By People Staff
Updated April 09, 1979 12:00 PM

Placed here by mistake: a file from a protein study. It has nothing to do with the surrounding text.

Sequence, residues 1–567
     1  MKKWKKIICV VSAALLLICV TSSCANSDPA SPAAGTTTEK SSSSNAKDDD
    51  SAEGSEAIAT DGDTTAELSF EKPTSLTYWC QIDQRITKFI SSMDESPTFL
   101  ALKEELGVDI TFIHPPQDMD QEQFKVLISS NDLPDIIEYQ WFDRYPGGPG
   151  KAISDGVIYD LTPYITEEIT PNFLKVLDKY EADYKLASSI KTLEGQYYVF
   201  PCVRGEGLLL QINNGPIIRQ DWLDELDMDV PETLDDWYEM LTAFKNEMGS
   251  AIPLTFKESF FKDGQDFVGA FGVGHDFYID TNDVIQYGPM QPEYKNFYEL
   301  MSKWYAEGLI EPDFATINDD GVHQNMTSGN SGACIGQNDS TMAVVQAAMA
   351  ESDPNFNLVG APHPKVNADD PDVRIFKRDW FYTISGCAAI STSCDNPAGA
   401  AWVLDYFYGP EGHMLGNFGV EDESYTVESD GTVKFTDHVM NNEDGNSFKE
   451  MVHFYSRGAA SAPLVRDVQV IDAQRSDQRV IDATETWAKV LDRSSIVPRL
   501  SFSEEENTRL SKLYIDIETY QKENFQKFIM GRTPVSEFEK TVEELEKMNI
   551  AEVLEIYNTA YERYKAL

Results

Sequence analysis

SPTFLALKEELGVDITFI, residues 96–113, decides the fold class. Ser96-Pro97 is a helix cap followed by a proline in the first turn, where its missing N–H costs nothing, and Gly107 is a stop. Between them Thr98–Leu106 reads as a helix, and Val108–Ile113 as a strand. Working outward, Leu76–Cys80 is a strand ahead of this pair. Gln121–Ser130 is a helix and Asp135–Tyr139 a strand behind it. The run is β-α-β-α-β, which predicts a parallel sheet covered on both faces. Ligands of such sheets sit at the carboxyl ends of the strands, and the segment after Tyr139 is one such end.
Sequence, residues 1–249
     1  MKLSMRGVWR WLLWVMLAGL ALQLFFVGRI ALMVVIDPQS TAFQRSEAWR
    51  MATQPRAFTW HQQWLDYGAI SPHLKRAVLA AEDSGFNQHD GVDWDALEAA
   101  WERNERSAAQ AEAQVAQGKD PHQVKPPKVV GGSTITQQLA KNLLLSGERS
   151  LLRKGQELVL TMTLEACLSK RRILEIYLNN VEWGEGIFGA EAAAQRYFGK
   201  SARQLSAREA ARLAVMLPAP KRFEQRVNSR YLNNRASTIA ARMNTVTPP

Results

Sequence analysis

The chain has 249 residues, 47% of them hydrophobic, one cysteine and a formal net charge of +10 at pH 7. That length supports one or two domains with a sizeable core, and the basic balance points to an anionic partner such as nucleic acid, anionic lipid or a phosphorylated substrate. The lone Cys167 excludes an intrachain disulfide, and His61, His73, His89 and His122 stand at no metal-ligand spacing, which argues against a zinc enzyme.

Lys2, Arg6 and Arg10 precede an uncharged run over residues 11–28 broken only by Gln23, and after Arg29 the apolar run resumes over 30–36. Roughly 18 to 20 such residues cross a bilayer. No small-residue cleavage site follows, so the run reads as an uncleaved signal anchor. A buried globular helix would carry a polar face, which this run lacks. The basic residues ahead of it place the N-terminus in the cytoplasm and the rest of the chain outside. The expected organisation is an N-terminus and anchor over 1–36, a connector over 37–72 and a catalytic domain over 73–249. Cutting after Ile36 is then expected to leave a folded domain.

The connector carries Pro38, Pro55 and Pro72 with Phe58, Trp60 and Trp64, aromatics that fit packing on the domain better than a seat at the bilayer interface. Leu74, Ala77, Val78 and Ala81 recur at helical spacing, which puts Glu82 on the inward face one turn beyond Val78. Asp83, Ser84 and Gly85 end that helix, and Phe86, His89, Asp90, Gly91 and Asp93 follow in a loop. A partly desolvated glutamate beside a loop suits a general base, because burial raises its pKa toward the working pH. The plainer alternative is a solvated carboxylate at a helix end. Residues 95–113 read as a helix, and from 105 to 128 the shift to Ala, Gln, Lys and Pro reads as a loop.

Acclaimed German director Rainer Werner Fassbinder has succeeded in his first work in English in making a schizophrenic movie about schizophrenia. Dirk Bogarde, in a bravura performance, plays a Russian émigré running a chocolate factory in pre-Hitler Germany. He discovers his wife’s affair with her cousin, and he has a sneaking suspicion that he’s going mad. But right around the time he arranges to have the man killed, the movie tries to enter his head—and loses its own. Only when the cops come after him do we get back on track and appreciate what the director has been trying to show us—a crack-up from the inside and out. British playwright Tom Stoppard adapted the screenplay from Vladimir Nabokov’s novel of the same name. The result is a marvel of literate, elegant dialogue and, if nothing else, Fassbinder deserves credit himself for not being afraid to take chances. (Not rated)